It could be the new four-year course as officials proclaim or it could be the cheaper prices but no one can precisely point out the reason why the first week of admissions at Delhi University has yielded more sales of application forms than the entire admission season last year.

“This year, we have so far distributed around 2,60,800 forms, of which 1,32,458 forms were sold physically and 1,28,342 have been downloaded online. Payments have been made for 61,051 online,” Dean Students’ Welfare J. M. Khurana said, adding that they had slashed the price of online forms by half and had made the forms free this year for the SC/ST and the PWD students.

On the first day of admissions on Wednesday last week, the university had sold 50,245 forms, which itself was a sharp increase from the 48,000 forms sold on the first day last year. “This indicates the success of the new four-year course,” many of the university officials had declared after seeing the crowds milling around North Campus. Since then, the North Campus has continued to resemble a pickle jar with a wave of humanity descending on the campus everyday and Wednesday, a week after mission admission began, was no different with the unpleasant weather no deterrent to the thousands of parents and students who continued to troop in.

“I like the concept of the four-year course, they say that we will get more practical exposure and it will be easier to find jobs in the new format,” said Poornima, a B.Com aspirant who had come along with her friend who was to attend the job fair being hosted by the Delhi University Students’ Union where an attendance of 4,000 students was recorded: another explanation for the rush.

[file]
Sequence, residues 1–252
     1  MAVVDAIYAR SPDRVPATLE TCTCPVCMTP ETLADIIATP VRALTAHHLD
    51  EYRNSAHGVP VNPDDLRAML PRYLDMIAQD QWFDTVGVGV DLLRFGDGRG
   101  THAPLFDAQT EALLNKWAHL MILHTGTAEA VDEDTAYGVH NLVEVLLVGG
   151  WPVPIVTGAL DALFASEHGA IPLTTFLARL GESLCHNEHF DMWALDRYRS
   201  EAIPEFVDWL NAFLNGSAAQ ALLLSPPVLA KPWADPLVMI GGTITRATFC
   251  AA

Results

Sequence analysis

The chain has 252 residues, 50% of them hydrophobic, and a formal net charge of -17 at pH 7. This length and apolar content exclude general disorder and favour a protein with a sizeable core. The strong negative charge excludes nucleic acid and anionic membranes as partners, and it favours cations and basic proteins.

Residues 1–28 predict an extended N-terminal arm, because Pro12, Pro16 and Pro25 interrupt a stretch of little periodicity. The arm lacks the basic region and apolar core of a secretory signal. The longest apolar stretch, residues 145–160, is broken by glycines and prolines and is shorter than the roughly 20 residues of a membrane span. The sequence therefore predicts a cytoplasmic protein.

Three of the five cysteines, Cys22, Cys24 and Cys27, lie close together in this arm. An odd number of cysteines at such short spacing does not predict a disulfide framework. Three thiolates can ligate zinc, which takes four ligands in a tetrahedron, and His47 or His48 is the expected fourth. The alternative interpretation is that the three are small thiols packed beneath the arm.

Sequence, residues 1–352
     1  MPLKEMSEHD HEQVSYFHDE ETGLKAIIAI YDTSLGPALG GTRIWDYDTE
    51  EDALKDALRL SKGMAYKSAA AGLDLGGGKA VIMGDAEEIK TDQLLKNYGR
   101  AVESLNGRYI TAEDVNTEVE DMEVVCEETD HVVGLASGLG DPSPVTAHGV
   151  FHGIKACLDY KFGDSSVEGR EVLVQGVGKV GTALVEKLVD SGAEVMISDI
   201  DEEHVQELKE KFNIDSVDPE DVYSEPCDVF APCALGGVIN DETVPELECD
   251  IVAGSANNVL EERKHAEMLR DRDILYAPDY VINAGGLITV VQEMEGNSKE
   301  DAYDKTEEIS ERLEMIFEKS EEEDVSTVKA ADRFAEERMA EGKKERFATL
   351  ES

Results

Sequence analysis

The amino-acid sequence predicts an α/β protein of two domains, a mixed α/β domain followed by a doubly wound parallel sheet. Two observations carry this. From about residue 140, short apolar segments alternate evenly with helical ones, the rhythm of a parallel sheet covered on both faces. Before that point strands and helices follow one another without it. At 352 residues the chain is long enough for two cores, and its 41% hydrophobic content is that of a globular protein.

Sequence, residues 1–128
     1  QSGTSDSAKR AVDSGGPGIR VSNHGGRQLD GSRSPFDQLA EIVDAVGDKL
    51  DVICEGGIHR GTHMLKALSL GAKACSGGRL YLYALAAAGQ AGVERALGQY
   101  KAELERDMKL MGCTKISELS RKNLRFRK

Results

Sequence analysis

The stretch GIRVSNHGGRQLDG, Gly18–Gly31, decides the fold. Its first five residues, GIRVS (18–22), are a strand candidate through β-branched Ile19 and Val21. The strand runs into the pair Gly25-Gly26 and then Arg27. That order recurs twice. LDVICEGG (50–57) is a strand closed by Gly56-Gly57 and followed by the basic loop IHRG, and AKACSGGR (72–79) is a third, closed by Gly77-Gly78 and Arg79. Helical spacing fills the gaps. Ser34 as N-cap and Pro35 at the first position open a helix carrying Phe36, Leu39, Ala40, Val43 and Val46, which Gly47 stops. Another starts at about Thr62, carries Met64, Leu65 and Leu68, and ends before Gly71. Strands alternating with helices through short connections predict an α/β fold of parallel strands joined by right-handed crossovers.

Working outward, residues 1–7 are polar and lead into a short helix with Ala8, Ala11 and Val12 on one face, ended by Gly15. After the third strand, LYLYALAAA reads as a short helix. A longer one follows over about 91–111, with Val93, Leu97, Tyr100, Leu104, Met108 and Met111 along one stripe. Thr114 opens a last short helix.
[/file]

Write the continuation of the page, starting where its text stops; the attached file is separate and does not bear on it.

The MA courses, School of Open Learning forms and the Non-Collegiate Women’s Education Board continued to attract huge crowds. “I have applied for the university’s regular courses online, but since my marks are low I have decided to apply for SOL and NCWEB just as abundant caution,” said Apsar, another B. Com. aspirant.

Many people there had already filed online applications and had come again to submit the forms “in person.” There were the usual reasons for not believing in anything that was not in paper form given by people who were questioned as to why they braved the heat when they could have applied online in air-conditioned comfort.

Out-of-towners also added to the crowds along with the students who came to collect ECA and sports forms. “I have a district level certificate for yoga and judo, so I thought I will collect the sports forms from all the colleges,” said Sahil from Rohtak, who lost his way a few times and ended up in the same colleges again. “I first went to Shri Ram College of Commerce…they told me there is no judo or yoga, but I bought a form anyway after asking for directions to Ramjas. However somebody gave me the wrong direction and I ended up in SRCC again,” he added.

Many came after closing time at 1 p.m. and were calmly told to come again. “I thought the counters opened at 1 p.m.,” said Gayathri, who had come all the way from Ghaziabad with her mother in tow. A total of 8,127 forms were sold on Wednesday.

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